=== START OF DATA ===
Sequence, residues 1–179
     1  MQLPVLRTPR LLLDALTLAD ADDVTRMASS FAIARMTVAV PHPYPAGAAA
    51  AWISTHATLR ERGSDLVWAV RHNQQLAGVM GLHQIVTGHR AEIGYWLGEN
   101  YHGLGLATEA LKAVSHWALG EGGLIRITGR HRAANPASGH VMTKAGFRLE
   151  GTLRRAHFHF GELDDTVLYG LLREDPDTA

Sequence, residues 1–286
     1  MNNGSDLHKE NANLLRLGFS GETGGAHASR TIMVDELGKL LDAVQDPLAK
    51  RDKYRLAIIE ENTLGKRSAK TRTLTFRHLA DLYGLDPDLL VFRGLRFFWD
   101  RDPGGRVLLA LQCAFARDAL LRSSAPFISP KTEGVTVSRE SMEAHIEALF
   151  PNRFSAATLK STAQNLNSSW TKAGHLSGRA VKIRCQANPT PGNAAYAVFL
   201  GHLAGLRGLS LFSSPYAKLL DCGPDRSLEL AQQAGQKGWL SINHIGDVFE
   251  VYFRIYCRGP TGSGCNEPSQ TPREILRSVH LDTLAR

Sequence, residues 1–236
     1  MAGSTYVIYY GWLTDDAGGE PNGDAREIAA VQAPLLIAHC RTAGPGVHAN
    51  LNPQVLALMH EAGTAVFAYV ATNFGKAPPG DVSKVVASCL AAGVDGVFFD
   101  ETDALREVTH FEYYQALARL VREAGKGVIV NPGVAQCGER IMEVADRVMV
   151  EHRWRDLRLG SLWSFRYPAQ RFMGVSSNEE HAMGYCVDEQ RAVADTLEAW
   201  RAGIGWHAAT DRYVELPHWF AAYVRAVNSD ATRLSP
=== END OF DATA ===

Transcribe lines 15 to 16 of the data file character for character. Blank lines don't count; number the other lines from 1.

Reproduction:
    51  LNPQVLALMH EAGTAVFAYV ATNFGKAPPG DVSKVVASCL AAGVDGVFFD
   101  ETDALREVTH FEYYQALARL VREAGKGVIV NPGVAQCGER IMEVADRVMV